Scientists are able to move single genes between differing plants and animals, or remove a gene from its original position and place it into a new position in the same organism, with the aim of changing the organism in some way. This is called genetic modification. It is also sometimes referred to as genetic engineering, gene technology and/or genetic manipulation.
Plants and animals have been modified to yield specific characteristics, such as Bt cotton, which has been grown in Australia for several years and has a gene included to repel specific insect pests. Recent developments also include the use of enzymes and bacteria in a wide range of applications, including waste management, industrial production, food production and remediation of contaminated land. Genetic modification is also used in the production of some medicines and vaccines, such as insulin for diabetics.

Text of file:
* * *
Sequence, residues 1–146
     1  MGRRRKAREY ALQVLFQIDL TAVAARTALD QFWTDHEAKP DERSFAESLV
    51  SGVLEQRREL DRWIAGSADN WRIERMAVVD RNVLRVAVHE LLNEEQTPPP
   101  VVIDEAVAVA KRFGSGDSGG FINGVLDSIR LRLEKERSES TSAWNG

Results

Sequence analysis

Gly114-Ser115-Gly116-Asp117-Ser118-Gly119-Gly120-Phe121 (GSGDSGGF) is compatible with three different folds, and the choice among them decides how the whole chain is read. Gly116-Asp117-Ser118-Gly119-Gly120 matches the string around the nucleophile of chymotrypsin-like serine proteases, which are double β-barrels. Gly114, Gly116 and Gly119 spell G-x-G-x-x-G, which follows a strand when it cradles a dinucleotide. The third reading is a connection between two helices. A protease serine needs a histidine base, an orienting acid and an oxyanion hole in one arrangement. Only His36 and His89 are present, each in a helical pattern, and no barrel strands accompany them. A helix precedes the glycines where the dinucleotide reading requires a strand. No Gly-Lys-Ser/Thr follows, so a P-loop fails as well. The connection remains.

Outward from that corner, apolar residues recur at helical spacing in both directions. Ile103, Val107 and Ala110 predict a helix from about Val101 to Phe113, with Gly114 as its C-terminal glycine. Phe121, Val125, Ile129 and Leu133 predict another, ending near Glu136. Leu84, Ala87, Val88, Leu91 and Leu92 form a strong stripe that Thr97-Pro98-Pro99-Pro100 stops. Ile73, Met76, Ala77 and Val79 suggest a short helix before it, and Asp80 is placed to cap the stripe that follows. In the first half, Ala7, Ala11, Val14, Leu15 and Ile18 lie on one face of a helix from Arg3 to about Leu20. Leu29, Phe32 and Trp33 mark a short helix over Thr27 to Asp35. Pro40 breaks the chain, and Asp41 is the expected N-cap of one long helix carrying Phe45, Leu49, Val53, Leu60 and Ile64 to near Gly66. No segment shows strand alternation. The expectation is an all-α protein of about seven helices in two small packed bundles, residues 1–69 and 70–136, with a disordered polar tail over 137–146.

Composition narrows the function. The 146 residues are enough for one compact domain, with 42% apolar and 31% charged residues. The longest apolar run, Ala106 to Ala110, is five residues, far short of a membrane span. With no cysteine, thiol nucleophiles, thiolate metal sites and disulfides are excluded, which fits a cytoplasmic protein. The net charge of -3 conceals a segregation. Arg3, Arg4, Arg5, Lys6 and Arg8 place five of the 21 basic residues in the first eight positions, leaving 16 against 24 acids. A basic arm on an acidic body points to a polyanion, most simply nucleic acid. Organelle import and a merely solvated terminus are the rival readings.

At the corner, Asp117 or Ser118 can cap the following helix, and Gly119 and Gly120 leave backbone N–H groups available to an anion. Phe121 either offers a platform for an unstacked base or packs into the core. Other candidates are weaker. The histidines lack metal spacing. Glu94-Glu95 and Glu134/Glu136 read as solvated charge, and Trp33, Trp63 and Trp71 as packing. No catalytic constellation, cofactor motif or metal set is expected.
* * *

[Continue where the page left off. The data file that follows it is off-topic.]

Applications that use genetic modification techniques raise concerns for many people. Some are concerned about unknown environmental risks, about potential health problems and other people do not like the idea of 'playing God' with nature. People are particularly concerned about moving genes between plants and animals.
For further information on how ethical issues are considered by the national gene technology regulatory scheme you can visit the OGTR website, in particular pages on the Gene Technology Ethics Committee.